It totally depends. In my own career, I’ve worked at quite a lot of studios, but haven’t had to move to a different city since moving to the UK, because there are loads of studios in London. In the US, if you live in LA and you’re good, there are quite a lot of studios there to work for. Same in San Fransisco. Texture painters aren’t as common as modellers, animators and some other roles, so it’s perhaps a little easier to stick to one shop for longer. Yes, contracts tend to be project-based, but if the studio has more jobs lined up, they’ll keep you, simply renewing your contracts. I have friends at places like ILM who have been there for yeeeaaaars.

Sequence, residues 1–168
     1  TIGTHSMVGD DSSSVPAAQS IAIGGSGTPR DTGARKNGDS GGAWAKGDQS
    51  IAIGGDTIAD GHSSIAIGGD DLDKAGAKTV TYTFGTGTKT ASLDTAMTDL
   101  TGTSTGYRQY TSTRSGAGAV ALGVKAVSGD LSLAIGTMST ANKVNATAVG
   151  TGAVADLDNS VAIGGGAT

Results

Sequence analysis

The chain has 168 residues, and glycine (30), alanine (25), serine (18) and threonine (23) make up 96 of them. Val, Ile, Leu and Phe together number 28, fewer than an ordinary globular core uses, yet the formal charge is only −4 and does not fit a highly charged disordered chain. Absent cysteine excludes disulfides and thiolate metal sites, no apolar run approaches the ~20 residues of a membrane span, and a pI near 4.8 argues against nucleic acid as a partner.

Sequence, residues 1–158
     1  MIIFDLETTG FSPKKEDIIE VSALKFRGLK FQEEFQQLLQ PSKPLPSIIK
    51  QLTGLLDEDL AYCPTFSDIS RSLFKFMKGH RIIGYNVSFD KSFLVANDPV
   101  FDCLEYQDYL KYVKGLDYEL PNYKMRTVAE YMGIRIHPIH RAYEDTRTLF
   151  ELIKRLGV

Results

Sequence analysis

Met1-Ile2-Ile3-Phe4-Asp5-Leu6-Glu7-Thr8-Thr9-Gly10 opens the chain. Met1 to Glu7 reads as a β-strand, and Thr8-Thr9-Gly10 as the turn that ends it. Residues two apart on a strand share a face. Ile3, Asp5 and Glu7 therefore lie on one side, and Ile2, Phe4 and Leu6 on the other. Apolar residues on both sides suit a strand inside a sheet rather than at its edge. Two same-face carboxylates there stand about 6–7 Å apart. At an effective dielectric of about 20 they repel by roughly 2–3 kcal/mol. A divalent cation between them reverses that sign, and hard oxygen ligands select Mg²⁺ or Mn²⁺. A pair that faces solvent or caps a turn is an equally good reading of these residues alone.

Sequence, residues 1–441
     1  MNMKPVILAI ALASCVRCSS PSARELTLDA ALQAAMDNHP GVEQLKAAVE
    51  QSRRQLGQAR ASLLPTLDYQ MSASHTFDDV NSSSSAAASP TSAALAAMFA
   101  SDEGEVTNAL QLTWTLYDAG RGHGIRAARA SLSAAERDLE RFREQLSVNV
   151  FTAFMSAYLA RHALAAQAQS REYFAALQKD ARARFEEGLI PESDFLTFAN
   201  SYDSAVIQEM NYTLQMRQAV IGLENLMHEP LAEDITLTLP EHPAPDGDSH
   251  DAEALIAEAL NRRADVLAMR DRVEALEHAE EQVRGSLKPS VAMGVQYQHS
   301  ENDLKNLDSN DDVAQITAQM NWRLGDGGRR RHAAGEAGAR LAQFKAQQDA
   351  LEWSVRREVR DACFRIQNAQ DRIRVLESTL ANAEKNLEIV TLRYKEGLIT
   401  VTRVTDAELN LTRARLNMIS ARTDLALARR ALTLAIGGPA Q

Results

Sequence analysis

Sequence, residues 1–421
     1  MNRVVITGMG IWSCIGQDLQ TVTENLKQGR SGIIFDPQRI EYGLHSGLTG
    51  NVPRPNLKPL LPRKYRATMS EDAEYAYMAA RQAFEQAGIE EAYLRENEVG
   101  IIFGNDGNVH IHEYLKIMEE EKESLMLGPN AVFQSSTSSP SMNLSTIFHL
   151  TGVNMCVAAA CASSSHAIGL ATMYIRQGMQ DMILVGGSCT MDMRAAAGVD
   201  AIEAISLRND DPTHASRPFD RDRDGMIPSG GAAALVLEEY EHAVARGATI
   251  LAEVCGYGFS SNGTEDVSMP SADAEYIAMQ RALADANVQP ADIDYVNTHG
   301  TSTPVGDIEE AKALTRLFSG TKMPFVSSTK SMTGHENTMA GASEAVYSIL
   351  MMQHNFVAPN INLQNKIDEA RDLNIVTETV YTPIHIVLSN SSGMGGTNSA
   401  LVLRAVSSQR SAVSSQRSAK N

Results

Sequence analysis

I also have lots of friends and colleagues in VFX who have kids, and they manage just fine. Even if you end up having a gap between contracts, VFX pays pretty well, especially once you get to senior level like myself, so you can pad your savings account while you’re working in case you have a dry patch. I’ve been on a long break myself but am living on savings because I’ve always been prepared for breaks in case they happen. I could probably go find work in a small studio, but I prefer only working for the bigger places (not because I’m a snob, but because smaller studios tend to involve longer working hours and I don’t do that), so I can afford to bide my time until something else comes along. That’s how it works, really. This, incidentally, is the first time in my entire 13 year career in VFX that I’ve been in a long dry spell - I’ve always previously been able to jump from studio to studio without gaps.